Even the News Is In French

Spiral perm, fanny pack, white Keds. Paris 1990

Spiral perm, fanny pack, white Keds.

The first time I went to Paris was in May 1990. The week after graduating from Wesleyan, about 20 sisters and I, led by a intrepid professors, took a trip to London. The adventure was the brainchild of Dr. Darlene Mettler, professor of English literature and 100% Anglophile. She taught us to wear a raincoat over our grubby clothes when attending the theater, and to pack grubby clothes for travel so they could just be tossed out to make more room in the bag for souvenirs. After 10 days in England under Dr. Mettler’s wing, four of us decided to hop over to Paris instead of going back home with the rest of the bunch.

Wanda and Mary were full-fledged adults, with jobs and mortgages and such. Constance and I were newly minted graduates. Constance is on the shy side. I am not. But I cried in silent panic in the back of our black cab as we left Dr. Mettler and our friends on the sidewalk in London and our driver took us towards the station for the boat-train.

WHAT WAS I THINKING????  Of the four of us, I was the only one who spoke any French and it seemed to have all dissolved on my tongue. Not a one of us had ever been to France. We didn’t even have a hotel lined up. Who was letting us do this????

Oh. Wait. We were the adults. We were in charge. I took a deep breath and remembered Dr. Mettler’s #1 rule for travel: Be Deliberate. Don’t worry about everything–focus on the next thing then the next then the next.

We made it onto the ferry. We watched the white cliffs of Dover slip away into the West. We landed in Caen and boarded the train. I started to relax because we were Doing It. Out the window, the French countryside whipped by in a parade of church steeples, late spring fields, tiny cars, and country lanes lined with poplar trees. In my heart, I thought, “This looks JUST LIKE FRANCE!” Because, you know…France! I had been looking at pictures of France my whole life–in World Book encyclopedias, art history classes, and World War II movies. I was delighted to discover that France looked just like France.

My nerves came back when the train pulled into the Gare du Nord in Paris. We gathered our bags and shuffled in a tight pack through the throngs of people. For 10 days, we had been world travelers in a country that still sounded like home. But now? We were plunged into the gabble of a busy train station with ears still filled with English.

We found a tourist information booth where the multi-lingual attendant scratched an address on a white square of paper. Hotel du Delta seemed to have the last affordable room in the 1st arrondissment. Using her crude map, we found our way there.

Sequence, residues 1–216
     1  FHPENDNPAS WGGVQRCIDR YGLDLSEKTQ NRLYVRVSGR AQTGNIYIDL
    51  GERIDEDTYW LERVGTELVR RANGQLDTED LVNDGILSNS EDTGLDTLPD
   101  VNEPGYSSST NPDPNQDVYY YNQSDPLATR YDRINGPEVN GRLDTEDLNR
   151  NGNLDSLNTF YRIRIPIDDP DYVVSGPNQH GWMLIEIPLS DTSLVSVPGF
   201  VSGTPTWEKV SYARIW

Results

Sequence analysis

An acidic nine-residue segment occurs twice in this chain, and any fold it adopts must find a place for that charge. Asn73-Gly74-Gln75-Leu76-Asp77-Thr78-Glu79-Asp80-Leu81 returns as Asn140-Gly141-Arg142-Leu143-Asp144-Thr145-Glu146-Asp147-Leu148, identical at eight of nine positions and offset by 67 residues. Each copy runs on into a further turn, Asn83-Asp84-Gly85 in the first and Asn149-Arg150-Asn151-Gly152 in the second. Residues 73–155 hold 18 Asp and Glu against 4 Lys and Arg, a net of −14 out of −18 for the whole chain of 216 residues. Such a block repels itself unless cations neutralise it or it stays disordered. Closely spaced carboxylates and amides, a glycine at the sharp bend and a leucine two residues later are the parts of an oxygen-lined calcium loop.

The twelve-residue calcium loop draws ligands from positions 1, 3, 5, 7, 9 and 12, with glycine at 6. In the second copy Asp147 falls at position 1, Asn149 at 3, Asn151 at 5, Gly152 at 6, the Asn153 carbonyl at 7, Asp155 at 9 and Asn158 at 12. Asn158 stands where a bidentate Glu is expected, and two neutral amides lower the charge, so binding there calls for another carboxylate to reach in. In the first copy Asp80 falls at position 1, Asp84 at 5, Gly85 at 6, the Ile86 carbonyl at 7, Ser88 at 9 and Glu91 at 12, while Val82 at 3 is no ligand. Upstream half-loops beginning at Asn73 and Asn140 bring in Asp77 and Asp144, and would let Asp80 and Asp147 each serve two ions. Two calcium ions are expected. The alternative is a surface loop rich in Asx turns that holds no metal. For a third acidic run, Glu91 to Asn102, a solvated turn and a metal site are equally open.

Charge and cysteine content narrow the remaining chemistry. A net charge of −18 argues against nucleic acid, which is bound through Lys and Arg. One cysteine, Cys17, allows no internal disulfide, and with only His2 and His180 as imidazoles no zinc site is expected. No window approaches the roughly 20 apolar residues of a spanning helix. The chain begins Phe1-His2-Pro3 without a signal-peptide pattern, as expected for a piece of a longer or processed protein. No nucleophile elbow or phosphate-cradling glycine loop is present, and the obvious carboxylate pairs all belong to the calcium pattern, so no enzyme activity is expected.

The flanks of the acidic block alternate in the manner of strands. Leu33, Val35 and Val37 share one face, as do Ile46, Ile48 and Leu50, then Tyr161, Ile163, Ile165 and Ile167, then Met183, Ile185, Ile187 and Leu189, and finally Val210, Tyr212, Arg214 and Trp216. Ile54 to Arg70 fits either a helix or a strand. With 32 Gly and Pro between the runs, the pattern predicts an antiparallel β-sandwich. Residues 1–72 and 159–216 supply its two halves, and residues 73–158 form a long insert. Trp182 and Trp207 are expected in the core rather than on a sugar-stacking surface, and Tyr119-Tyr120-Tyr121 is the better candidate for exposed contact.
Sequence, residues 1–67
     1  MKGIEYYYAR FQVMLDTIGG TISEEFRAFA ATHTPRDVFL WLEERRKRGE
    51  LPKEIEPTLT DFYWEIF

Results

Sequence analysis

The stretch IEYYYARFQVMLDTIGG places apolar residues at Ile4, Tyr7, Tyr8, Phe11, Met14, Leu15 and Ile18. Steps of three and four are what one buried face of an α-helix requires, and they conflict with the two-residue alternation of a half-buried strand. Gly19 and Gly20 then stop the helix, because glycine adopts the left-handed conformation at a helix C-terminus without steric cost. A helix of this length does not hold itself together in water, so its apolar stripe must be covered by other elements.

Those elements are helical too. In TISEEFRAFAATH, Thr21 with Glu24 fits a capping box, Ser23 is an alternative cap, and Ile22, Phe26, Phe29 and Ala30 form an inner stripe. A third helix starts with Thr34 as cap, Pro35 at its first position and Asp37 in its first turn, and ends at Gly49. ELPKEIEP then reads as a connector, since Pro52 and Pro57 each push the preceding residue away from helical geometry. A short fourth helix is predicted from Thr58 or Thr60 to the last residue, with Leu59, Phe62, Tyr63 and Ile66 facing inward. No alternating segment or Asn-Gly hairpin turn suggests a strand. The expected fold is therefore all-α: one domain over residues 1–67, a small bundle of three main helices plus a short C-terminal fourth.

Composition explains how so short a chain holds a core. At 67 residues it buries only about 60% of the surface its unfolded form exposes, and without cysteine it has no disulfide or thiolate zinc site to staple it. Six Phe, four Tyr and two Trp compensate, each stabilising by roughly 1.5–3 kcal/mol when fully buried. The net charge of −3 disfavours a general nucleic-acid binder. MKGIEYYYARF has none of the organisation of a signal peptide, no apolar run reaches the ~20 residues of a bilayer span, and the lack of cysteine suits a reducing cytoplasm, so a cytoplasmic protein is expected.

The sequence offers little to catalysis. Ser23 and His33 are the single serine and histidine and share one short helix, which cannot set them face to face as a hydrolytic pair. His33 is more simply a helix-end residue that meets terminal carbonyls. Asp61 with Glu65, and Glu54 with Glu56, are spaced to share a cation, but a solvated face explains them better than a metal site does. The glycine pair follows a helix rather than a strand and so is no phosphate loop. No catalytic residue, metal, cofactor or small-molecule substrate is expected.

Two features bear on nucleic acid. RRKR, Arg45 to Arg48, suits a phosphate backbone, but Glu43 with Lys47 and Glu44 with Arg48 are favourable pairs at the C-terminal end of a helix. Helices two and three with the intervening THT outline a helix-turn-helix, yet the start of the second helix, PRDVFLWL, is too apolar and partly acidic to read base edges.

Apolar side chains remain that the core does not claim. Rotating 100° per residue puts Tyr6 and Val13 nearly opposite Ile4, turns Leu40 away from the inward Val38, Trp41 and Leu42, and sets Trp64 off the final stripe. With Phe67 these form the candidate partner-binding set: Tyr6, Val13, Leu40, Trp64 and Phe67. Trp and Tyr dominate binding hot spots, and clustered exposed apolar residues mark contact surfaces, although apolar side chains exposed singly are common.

In 1990, it was kind of a given that everyone in Europe hated Americans. Maybe not hated, but they were pretty tired of us stomping around in our white shoes and fanny packs. I had read that we should tell people we were Canadian instead. Slick, huh? As we walked into the rather time-worn lobby of the Hotel du Delta, my three traveling companions shoved me to the front of the pack as the interpreter.

“Parlez vous anglais?” I asked the man behind the desk. He shook his head and flapped his hand at me and turned away. This was not going as smoothly as my French 101 textbook had led me to expect. All four of us exchanged worried looks. This was the last hotel room in Paris.

Right before I fainted with panic on the threadbare carpet, a teenage boy in a red Adidas track suit came out from the office. “Hi! You need English?” What a relief! He started our reservation and the other man lit a cigarette and watched over his shoulder.

“Where you from?”

“We’re Canadian.”

“Oh…what part of Canada?”

I froze. I looked at Mary, whose eyebrows shot up so fast they disappeared into her hairline. I looked at Wanda, who looked right back at me.

I couldn’t remember which part of Canada spoke French. I looked back at the teenage boy and said, “Ummm….Edmonton?”

He laughed. “You Americannes, yeah?” We confessed. His family was from Egypt. He spoke Arabic, French, English, and a little German. I was so nervous at that point that my English was starting to fade.

We made it up four flights of curling stairs to our rooms. We marveled at the bidet. We flung open the windows to see a scene straight out of a Hollywood lot: a narrow street, a shop selling oranges, and a painter sitting in a window to catch the light. I started to hum Edith Piaf.

La Vie en Rose, Paris street scene

La Vie en Rose

That night, on my broken French and a lot of good will, we managed to buy ourselves a picnic, make it to the top of the Eiffel Tower, and make it back to the Hotel du Delta where we finished off the last of the wine (which was about $2 a bottle with the exchange rate). We were IN PARIS, doing Parisy things! All on our own!

The next morning, my adrenaline left and the $2 wine headache took its place. I didn’t like going down the hall to pee. I didn’t like the noise that came through the old windows. I didn’t like the lumpy bed. I didn’t like having to clumsily translate every word for everyone. I was exhausted, mentally and emotionally. But PARIS awaited.

We went down for “continental breakfast.” Instead of the English pot of tea, bowl of marmalade, and rack of warm toast that we had grown to love, we found a tired baguette and coffee with grease floating on top. I don’t even drink coffee…but PARIS. I sat in silence with my friends as we gnawed on yesterday’s bread and kept our English to ourselves.

The owner of the hotel, who had waved me off the day before, came into the breakfast room and flipped on the television that hung in the corner. I perked up at the familiar sound of static, the ritual of listening to the morning headlines. When the channel came in and the man turned up the volume, my disgusted little 21-yr-old sheltered American heart thought:

DAMMIT. EVEN THE NEWS IS IN FRENCH! How does anyone know what’s going on?